cost much, much more and the price in the store would be too high. The demand would
definitely sag. We couldn’t change the supplier’s mind and were forced to end the
relationship. (Case 5)
Another reason to prioritize the economic dimension above the social dimension is
due to coordination and control of the supplier. The founder of Case 1 indicated that she
would have liked to work with artisan suppliers and local communities but that
communication and transportation difficulties prevented her from doing so.
At first I thought if I get my fabrics in India it would be great if Indian women could
earn something with it as well. But then I had to find a place that I could also control
and check the work environment. It’s a bit weird if you go for 100% recycled material
and child labor would be involved … I don’t have the scale or size to organize this well.
I had to [produce] closer to my home … (Case 1)
Similarly, firms gave primarily a pricing rationale for prioritizing the economic
dimension above the ecological dimension. However, this tradeoff decision was more
closely tied to scale as they stated the higher cost of more organic or ecologically
produced material at the volumes they were purchasing was unaffordable.
We have a ‘sand suit’ for small children and [we needed a] textile with more density
[and] coating so that no sand, dirt or mud gets through … we had to make a choice and
tradeoff, well actually there was not really an option to find that specific fabric
organically. Well okay you can, but then we have to buy large quantities. And if your
company is big enough and can afford it that would be an option. But in our case it was
not, so we had to look for another option … we are just a small company you cannot do
everything as you please, everything is financially related. (Case 3)
… using ecologically produced material for a small brand is really hard to do. The
minimum quantity is too high and it’s too much to purchase … I prefer to only use
sustainably produced material but because I don’t have the volume or scale this material
is very costly. I would like to work more with sustainably produced fabrics, but this is
not very realistic for a small brand because we can only buy in small quantities. (Case
There was also evidence in our data that the economic dimension was prioritized
above the ecological one for quality. The firms referred primarily to design aspects of
quality, such as durability or texture (look and feel) of a fabric or material. Cases 8 and
16 provide evidence of placing quality paramount; an eco-friendly material of lesser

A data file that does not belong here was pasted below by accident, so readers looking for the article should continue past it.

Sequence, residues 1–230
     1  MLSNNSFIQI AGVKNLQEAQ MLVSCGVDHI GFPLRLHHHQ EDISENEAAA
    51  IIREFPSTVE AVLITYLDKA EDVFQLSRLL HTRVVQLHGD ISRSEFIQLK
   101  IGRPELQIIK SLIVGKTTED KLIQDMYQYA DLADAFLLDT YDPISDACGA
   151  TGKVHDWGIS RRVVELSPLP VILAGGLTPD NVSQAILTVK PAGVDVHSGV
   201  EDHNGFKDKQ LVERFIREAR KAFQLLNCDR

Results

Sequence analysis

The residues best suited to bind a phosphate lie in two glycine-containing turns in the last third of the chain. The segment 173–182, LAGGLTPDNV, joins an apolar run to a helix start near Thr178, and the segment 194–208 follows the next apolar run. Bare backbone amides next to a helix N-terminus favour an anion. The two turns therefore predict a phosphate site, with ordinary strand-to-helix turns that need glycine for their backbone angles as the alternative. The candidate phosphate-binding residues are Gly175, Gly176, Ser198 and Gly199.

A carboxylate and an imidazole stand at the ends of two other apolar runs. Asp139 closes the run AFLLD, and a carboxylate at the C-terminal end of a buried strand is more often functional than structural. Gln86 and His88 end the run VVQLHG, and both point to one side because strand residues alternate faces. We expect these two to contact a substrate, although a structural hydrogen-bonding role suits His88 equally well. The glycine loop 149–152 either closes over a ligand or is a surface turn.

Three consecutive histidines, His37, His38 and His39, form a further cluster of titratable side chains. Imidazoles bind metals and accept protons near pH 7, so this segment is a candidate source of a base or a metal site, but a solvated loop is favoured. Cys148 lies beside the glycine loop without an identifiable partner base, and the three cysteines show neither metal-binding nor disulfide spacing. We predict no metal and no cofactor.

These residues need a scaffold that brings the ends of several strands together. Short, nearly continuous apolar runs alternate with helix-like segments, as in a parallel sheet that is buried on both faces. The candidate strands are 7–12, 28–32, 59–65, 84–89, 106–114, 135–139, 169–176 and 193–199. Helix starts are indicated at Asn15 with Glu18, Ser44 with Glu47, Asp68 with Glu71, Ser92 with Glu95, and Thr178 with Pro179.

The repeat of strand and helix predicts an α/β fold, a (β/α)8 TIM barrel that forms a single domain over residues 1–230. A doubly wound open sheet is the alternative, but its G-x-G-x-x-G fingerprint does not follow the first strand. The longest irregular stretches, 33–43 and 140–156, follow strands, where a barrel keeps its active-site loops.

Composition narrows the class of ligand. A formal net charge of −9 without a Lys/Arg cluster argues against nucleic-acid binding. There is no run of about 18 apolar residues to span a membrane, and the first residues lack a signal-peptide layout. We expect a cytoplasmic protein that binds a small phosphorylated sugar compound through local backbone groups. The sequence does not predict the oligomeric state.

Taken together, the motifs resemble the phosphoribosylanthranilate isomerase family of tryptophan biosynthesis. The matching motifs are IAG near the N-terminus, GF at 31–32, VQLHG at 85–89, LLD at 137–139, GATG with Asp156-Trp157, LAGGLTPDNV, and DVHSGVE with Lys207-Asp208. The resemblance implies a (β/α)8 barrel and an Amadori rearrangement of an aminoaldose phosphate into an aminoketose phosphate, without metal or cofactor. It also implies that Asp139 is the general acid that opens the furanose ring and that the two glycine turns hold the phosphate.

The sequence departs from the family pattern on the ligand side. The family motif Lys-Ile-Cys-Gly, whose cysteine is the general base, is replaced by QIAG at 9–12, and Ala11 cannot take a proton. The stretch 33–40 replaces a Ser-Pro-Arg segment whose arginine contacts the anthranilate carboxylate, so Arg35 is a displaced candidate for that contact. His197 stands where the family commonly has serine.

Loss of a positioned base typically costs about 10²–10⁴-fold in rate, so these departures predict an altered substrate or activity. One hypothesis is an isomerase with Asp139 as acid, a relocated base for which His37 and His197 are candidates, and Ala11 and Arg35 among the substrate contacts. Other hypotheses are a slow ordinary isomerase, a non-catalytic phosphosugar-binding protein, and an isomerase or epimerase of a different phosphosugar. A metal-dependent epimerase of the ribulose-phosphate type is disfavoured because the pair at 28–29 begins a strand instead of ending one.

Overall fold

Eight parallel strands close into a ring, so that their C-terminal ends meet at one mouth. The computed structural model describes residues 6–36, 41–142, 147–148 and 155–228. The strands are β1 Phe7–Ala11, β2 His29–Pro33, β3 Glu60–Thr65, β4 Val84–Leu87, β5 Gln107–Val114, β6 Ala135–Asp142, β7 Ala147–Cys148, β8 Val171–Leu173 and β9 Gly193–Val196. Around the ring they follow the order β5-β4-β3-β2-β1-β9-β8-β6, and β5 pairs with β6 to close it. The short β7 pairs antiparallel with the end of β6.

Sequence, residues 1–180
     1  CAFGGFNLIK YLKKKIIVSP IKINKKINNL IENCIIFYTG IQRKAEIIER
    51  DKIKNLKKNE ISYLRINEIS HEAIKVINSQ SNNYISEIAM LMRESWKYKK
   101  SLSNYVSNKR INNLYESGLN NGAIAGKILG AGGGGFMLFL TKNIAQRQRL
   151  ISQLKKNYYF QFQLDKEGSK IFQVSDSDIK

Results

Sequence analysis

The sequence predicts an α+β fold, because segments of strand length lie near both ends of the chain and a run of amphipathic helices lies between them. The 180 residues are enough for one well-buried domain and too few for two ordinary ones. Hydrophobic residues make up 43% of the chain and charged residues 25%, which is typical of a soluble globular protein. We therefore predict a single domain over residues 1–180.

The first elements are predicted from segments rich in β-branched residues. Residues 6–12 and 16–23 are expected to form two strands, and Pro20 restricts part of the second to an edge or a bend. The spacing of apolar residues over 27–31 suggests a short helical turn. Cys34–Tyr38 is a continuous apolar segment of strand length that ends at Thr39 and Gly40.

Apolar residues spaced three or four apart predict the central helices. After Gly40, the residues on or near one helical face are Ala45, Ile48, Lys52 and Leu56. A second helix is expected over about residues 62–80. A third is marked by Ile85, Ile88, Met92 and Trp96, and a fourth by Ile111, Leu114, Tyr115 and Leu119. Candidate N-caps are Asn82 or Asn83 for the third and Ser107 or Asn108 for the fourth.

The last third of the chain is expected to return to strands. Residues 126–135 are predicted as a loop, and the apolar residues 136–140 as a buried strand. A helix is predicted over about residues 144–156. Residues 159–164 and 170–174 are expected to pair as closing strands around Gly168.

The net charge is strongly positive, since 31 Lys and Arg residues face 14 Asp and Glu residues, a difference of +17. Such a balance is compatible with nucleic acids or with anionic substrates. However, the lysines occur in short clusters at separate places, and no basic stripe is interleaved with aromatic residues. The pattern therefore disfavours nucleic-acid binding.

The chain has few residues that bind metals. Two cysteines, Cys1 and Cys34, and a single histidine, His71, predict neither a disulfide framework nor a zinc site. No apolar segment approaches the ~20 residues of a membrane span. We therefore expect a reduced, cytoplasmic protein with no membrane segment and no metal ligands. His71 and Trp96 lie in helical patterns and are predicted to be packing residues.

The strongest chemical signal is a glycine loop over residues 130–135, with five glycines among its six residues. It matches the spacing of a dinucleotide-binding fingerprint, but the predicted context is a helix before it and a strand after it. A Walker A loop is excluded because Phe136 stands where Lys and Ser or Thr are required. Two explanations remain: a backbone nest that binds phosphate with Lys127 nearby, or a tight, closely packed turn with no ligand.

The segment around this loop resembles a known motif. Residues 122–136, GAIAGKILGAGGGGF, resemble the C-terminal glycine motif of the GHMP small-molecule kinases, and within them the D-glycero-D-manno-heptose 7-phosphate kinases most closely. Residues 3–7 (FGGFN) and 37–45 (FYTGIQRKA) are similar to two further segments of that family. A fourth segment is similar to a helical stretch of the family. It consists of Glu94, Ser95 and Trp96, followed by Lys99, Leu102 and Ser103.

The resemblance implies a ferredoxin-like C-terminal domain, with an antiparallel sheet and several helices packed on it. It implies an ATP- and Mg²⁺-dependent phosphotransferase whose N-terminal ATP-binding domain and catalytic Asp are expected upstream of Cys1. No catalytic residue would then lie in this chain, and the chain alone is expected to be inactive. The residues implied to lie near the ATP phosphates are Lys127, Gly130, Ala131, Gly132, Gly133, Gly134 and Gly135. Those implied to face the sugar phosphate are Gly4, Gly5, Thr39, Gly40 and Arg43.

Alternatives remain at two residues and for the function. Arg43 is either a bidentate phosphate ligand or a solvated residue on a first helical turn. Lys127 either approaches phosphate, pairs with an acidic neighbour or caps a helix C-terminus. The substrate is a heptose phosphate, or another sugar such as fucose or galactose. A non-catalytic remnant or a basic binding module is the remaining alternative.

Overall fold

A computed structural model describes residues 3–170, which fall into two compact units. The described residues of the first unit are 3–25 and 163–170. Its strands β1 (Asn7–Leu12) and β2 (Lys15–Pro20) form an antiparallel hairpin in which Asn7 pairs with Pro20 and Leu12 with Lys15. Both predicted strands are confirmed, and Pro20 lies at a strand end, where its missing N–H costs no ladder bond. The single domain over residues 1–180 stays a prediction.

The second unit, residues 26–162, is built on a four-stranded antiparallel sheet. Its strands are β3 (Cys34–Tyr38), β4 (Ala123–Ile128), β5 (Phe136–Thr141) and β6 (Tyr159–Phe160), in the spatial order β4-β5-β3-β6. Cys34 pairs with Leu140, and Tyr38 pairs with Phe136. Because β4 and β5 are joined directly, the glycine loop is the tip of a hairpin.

quality is not an option for these firms because of brand reputation and image. To
maintain quality standards, compromises in the ecological dimension were accepted.
If they [buyers] can choose between a shirt from organic cotton and regular cotton, and
the quality is the same but the price just a few cents higher, then they choose for the
organic variant. If the quality is less, then that’s another story. Because quality goes
above everything else … You don’t want to compromise quality for sustainable fabric.
[For] recycled cotton [it] is very difficult to make the fibers longer … We have to make
tradeoffs. But on quality we do not want to make tradeoffs because our slogan is
‘quality wear for the next era’. In order to maintain the quality [of the cotton], we mix it.
Moving on to the social dimension, our data shows prioritization of the social
dimension over primarily the economic dimension. There are also instances in our data
that show that satisficing occurs between two alternatives within the social dimension. A
good example of this is from Case 6 who terminated a relationship with a Turkish
supplier because “they were unwilling to be transparent about labor practices” and
presumably continued relationships with suppliers who did comply with their
transparency requirements. However, from our data, the locus of this tradeoff is between
the social and economic dimensions. The following quotes illustrate this.
[We are] not growing very fast but rather paying attention to the social aspect. We could
grow faster but then we would probably lose sight of our social purpose. (Case 21)
[We do] not negotiate on prices but want our suppliers to come with realistic prices that
cover production costs. This could mean that [we] decide to take less margin on a
product. If there are delays, [we] do not apply a penalty to suppliers for delayed delivery,
even though [we] might need to sell at a discount to clients because of the late deliver.
In the ecological dimension, we have four cases (8, 13, 16 and 22) that showed a
clear conviction to prioritize the ecological dimension. These firms had very strong
policies about sustainability or visible sustainability positioning (e.g. eco-friendly) and
could not credibly compromise the ecological dimension. Also, in this dimension some